2 Korean War soldiers to receive posthumous Medals of Honor
Pfc. Anthony T. Kaho’ohanohano, left, and Pfc. Henry Svehla are being honored for their actions during the Korean War.
April 14th, 2011
11:22 AM ET

2 Korean War soldiers to receive posthumous Medals of Honor

Two U.S. soldiers will receive posthumous Medals of Honor for their actions during the Korean War, the White House announced Wednesday.

Relatives of Pfc. Anthony T. Kaho’ohanohano and Pfc. Henry Svehla will receive the medals from President Barack Obama at a White House ceremony on May 2.

Kaho’ohanohano is being commended for his actions on September 1, 1951. As his unit, Company H, 17th Infantry Regiment, 7th Infantry Division, fell back under superior enemy numbers near Chopra-Ri, Kaho’ohanohano ordered his squad to move to a more defensible position and provide covering fire for the retreating forces, according to a White House news release.

"He then gathered a supply of grenades and ammunition and returned to his original position to face the enemy alone - delivering deadly accurate fire into the ranks of the onrushing enemy. When his ammunition was depleted, he engaged the enemy in hand-to-hand combat until he was killed. His heroic stand so inspired his comrades that they launched a counterattack that completely repulsed the enemy," the release reads.

“His last words were ‘I’ve got your back,' and he went out and did his job,” his younger brother David Kaho’ohanohano, 77, of Hawaii told Stars and Stripes. “Nowadays, you don’t have too many heroes, and he was one of the big heroes in our family.”

Kaho’ohanohano's sister, Elaine Kaho’ohanohano, and another brother, Eugene Kaho’ohanohano, will be at the White House ceremony.

Svehla is being honored for his actions on June 12, 1952, while he was a rifleman with Company F, 32d Infantry Regiment, 7th Infantry Division near Pyongony, Korea.

"Coming under heavy fire and with his platoon's attack beginning to falter, Private First Class Svehla leapt to his feet and charged the enemy positions, firing his weapon and throwing grenades as he advanced. Disregarding his own safety, he destroyed enemy positions and inflicted heavy casualties. When an enemy grenade landed among a group of his comrades, without hesitation and undoubtedly aware of the extreme danger, he threw himself on the grenade" and was killed, according to the White House release.

Svehla's sisters, Dorothy Mathews and Sylvia Svehla, will receive the medal from Obama.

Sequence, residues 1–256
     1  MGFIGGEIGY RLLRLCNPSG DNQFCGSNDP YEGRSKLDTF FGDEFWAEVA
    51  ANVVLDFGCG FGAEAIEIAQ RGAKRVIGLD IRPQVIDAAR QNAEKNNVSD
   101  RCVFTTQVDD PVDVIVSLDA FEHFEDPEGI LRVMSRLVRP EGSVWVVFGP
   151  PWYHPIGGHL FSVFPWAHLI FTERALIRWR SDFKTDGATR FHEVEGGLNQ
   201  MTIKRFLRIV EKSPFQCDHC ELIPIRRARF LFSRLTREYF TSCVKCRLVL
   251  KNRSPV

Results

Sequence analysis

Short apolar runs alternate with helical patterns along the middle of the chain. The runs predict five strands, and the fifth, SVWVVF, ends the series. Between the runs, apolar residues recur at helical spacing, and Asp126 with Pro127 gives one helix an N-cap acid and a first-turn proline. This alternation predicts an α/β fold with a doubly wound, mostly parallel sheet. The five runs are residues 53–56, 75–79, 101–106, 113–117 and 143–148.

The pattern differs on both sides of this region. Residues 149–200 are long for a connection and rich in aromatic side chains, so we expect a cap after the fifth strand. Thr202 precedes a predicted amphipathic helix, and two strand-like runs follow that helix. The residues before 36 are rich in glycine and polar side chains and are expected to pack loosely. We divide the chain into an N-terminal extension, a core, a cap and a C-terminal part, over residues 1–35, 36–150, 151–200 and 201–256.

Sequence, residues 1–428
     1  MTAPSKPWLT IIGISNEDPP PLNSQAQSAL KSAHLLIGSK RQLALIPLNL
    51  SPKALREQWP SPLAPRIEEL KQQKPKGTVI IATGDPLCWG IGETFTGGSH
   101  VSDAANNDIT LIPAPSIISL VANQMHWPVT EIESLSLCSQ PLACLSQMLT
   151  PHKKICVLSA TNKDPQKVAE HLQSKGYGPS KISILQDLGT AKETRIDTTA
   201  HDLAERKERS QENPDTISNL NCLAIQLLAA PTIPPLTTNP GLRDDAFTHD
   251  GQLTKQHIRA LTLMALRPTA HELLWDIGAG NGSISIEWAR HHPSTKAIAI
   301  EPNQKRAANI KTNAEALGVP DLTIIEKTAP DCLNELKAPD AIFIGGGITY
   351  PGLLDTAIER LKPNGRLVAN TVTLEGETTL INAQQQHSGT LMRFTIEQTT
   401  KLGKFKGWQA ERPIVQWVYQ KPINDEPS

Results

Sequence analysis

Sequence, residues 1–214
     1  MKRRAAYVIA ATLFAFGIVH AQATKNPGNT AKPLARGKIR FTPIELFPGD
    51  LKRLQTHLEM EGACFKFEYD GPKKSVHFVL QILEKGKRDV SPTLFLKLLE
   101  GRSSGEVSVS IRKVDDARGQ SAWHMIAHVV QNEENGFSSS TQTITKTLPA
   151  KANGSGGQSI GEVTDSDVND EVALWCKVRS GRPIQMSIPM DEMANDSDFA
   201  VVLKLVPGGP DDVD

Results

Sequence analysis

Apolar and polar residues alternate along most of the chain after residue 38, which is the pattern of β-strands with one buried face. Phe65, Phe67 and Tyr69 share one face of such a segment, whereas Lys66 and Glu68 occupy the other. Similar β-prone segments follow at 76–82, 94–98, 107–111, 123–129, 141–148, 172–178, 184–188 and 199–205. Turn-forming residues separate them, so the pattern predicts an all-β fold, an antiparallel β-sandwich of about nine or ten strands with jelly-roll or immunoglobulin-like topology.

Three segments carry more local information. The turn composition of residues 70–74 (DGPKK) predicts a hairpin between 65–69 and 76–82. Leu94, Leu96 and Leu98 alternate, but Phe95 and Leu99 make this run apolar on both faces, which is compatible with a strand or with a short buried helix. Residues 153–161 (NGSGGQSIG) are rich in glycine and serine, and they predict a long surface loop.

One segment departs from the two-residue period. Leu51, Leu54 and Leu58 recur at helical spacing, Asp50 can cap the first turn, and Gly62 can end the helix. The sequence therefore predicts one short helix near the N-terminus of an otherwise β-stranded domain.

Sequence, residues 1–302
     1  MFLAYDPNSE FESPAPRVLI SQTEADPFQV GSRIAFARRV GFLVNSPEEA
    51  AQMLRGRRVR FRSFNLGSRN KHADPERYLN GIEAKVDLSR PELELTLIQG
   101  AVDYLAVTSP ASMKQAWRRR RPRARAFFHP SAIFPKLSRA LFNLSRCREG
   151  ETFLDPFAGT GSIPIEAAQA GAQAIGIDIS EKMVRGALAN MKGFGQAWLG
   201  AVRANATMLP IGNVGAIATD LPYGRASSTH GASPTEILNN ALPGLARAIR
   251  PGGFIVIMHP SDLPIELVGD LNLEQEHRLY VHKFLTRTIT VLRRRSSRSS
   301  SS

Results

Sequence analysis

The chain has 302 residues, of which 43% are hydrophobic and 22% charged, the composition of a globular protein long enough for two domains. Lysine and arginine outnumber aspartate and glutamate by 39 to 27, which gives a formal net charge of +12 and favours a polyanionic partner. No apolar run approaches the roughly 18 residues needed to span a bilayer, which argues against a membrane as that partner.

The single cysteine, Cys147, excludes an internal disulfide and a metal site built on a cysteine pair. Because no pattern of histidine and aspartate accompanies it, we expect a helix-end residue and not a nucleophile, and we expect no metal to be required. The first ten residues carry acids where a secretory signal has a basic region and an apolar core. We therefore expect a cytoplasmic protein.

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Filed under: Medal of Honor • Military
soundoff (157 Responses)
  1. Svehla

    My uncle's body was never recovered due to the fact that he jumped on a grenade to save his fellow soldiers so your idea is really possible. We wish we had a body to lay to rest. God forgive your ignorance.

    April 14, 2011 at 7:10 pm | Report abuse |
    • Svehla

      That was for Cesar...the tactless one

      April 14, 2011 at 7:11 pm | Report abuse |
    • Svehla

      I meant to write is NOT possible but my utter disgust at all the nonsense written on beneath this article caused me to mistype. This article was not posted for you people to sit and argue about your right -wing/ left-wing/ history fact correction/ war is evil garbage. Think what you wish but please have some tact and consideration for the deceased and their families and keep it to yourselves. If you have an issue with war don't take it out on the brave men and women who fought and are still fighting. I agree with AONavyvet ....if you can't stand behind our troops, both past and present, you should be standing in front of them.

      April 14, 2011 at 7:26 pm | Report abuse |
    • Frank

      I agree two men that cared more about there brother next to them then personal safety. If more people were like them, we wouldnt have half the problems we do as a nation.

      April 14, 2011 at 10:21 pm | Report abuse |
  2. Joey

    Cesar you are 100% wrong and ignorant, Henry Svehla is my great uncle and he gave his life protecting people like you and it doesnt matter wheter the people who died protecting our country died today or 60 years ago they are all HEROS and YOU should respect every single one of them.

    April 14, 2011 at 7:11 pm | Report abuse |
  3. Svehla

    And i meant is NOT really possible....but because i was so disgusted i mistyped

    April 14, 2011 at 7:12 pm | Report abuse |
  4. Mike

    This is fantastic. I'm so glad that our government and whatever NGO's are out there are still searching for those who deserve their due recognition in our wars. Better late than never.

    Also, the Russians did fight in the Korean War – in the sky with their fancy MIGs. The USSR sent dozens of pilots to the bases along the Yangzte River in China. They would fly across, attack, and fly back into China where they were supposed to be safe, because our policy was to only engage in limited warfare in Korea – not to attack China's mainland in any way (there are fascinating books out there detailing the discussions of Truman's inner circle). That said, the use of nukes against China never left the table. They were to be used if we couldn't hold the 38th Parallel, which we fortunately were able to do. These are often forgotten, and little talked about facts, though there are many specials about it on the Military and History Channels these days. The information wasn't released for a long time though, for obvious reasons.

    April 14, 2011 at 7:14 pm | Report abuse |
  5. Cesar

    Yes, go ahead and give medals to all of the dead soldiers I'm sure they all deserve it, why only two, 60 years after, give to all of them, they are all heroes, what about the soldiers that handle communications, will they ever going to get a medal or their job is not as significant, and the guy that manipulates the catapult on an aircraft carrier, I don't remember any medals for these soldiers, and they are more important than the average soldier.

    April 14, 2011 at 7:24 pm | Report abuse |
    • Ed

      Cesar –

      I have to ask, are you being deliberately ignorant? Comparing the catapult operator of an aircraft carrier and the communications specialist with a servicemember going above and beyond the call of duty at the risk of his or her own life? You think they should receive equal valorous recognition?

      You think the catapult operator doesn't receive recognition commensurate with his performance? I assure you he does – perhaps a Navy Commendation Medal....and the communications specialist? Perhaps an Army Achievement medal. But the Medal of Honor???? Are you being obtuse on purpose?